With better play at safety and linebacker, the Jets would likely have one of the absolute best pass defenses in the NFL right now. But the subpar play of their backups is what has them ranked ninth-best in passing defense EPA at the moment instead of the top 3-5 level that their core players are performing at.
On the edges, the Jets have stayed in the upper echelon despite the losses of Lawson and Curry.
John Franklin-Myers has moved over to the edge full-time while Bryce Huff has snagged a key role due to the losses of the veterans, and both players are doing well. Through two weeks, Franklin-Myers ranks 10th out of 86 qualified edge rushers in Pro Football Focus’ overall grade (81.4) while Huff ranks 23rd (74.0).
Now imagine if you replaced Tim Ward and Shaq Lawson (who would most likely not be acquired if Carl remained healthy) with Vinny Curry and Carl Lawson. That would give the Jets a starting duo of John Franklin-Myers and Carl Lawson ahead of Vinny Curry and Bryce Huff, which beats a starting duo of Franklin-Myers and Huff ahead of Tim Ward and Shaq Lawson.
Ward and Shaq Lawson have combined for only two pressures on 52 pass-rush snaps this season (3.8% pressure rate). Curry (12.9% career pressure rate) and Huff (9.8% pressure rate in 2021) would make for a much better second-string duo, and it goes without saying that Carl Lawson (14.3% career pressure rate) would be a massive upgrade over Huff in the starting lineup.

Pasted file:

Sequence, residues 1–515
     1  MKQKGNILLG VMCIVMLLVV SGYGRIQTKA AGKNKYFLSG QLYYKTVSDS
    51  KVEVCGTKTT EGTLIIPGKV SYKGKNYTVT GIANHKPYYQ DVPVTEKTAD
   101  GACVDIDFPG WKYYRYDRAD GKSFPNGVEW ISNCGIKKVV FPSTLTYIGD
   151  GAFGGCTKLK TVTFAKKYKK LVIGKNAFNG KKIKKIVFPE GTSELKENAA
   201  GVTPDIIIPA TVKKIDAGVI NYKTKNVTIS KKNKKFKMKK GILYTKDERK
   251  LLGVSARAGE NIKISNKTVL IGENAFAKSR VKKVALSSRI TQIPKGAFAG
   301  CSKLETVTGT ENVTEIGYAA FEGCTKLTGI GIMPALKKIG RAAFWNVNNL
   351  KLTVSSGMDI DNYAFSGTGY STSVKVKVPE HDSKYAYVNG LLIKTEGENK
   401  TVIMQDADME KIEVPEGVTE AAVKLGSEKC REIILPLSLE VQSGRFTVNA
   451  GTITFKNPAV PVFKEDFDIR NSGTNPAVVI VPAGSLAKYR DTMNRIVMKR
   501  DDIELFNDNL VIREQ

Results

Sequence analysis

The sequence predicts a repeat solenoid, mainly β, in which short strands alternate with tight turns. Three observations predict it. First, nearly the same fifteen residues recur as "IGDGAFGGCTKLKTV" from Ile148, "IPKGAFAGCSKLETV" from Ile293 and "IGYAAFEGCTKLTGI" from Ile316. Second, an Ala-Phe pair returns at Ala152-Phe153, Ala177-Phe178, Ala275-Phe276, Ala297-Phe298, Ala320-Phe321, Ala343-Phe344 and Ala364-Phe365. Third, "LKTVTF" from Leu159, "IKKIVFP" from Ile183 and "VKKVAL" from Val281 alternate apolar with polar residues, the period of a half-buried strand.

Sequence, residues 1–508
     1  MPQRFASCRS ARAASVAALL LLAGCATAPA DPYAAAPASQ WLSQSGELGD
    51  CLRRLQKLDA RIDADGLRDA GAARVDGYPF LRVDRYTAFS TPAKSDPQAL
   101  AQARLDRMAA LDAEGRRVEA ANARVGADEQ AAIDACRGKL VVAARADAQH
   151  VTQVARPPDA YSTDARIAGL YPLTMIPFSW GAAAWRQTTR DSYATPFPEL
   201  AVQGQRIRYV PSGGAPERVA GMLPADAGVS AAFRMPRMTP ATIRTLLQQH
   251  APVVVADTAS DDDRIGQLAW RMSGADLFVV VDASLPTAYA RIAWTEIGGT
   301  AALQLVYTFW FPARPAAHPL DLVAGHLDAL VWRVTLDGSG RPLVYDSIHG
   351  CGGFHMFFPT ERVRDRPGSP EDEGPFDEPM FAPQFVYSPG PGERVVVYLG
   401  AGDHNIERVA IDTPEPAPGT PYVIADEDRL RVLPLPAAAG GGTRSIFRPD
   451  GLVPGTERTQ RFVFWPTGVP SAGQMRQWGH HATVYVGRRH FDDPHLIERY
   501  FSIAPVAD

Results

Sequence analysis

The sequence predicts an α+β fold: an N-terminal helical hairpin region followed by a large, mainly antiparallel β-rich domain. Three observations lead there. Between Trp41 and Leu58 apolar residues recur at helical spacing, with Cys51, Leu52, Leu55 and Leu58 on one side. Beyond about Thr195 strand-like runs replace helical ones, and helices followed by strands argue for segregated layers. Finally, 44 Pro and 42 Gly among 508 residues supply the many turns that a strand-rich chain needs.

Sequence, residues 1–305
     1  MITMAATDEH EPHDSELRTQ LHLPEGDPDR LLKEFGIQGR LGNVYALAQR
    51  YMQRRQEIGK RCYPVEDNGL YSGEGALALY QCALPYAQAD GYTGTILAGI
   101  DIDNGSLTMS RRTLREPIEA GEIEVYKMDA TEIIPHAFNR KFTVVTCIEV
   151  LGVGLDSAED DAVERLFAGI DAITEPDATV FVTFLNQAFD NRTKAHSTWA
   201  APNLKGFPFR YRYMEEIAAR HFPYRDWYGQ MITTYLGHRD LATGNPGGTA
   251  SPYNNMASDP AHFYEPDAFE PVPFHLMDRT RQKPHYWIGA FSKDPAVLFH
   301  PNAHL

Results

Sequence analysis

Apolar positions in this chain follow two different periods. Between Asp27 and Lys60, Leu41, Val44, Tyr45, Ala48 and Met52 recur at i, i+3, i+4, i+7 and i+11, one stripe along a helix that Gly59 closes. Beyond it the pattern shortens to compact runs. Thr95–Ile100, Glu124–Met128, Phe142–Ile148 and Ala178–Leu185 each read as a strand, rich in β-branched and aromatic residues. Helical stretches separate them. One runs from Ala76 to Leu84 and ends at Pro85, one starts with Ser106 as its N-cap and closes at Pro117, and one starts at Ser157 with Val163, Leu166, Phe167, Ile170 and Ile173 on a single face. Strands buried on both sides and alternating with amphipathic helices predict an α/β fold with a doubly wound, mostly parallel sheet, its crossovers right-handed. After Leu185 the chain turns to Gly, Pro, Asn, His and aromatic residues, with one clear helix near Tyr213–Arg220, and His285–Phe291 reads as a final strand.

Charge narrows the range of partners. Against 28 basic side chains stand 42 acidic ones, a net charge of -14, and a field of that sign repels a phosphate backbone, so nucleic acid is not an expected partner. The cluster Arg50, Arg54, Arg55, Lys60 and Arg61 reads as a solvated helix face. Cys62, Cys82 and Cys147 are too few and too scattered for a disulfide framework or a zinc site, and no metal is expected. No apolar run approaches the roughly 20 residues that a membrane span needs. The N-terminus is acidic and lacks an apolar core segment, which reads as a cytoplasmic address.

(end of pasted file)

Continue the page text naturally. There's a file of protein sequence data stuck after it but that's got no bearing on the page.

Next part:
It is important that Shaq Lawson plays better, though. The Jets traded a sixth-round pick for him and he is under contract for the 2022 season. Lawson has been a great run defender so far (86.0 PFF run-defense grade, 4th among 86 qualified EDGE) but has been silent as a pass rusher (53.9 PFF pass-rush grade, 74th among 86 qualified EDGE).
The present ceiling is limited, but the future ceiling can continue rising
Until it gets back Jarrad Davis and Ashtyn Davis from injured reserve, the New York Jets defense may not be able to climb much higher than the level it is currently at due to the limitations placed upon it by the many injuries it has suffered.
However, that does not hinder the Jets from continuing to push their long-term defensive ceiling to increasingly higher levels. Plenty of players that will likely be in New York for the foreseeable future are playing key roles on a weekly basis. So far, those players have been largely fantastic.
With plenty of assets looming in 2022 – Carl Lawson, gobs of cap space, numerous Day 1-2 draft picks, and anticipated progression from the team’s many young players – the Jets defense is set to take a big leap next year.
The better their core players perform in 2021, the higher they can climb once the reinforcements arrive in 2022.
Overall defensive rankings in 2021 be damned – all that really matters for this team’s eventual Super Bowl aspirations is whether the players who will be around in 2022 and beyond are performing well, and two games in, those players can hardly be performing much better as a collective group.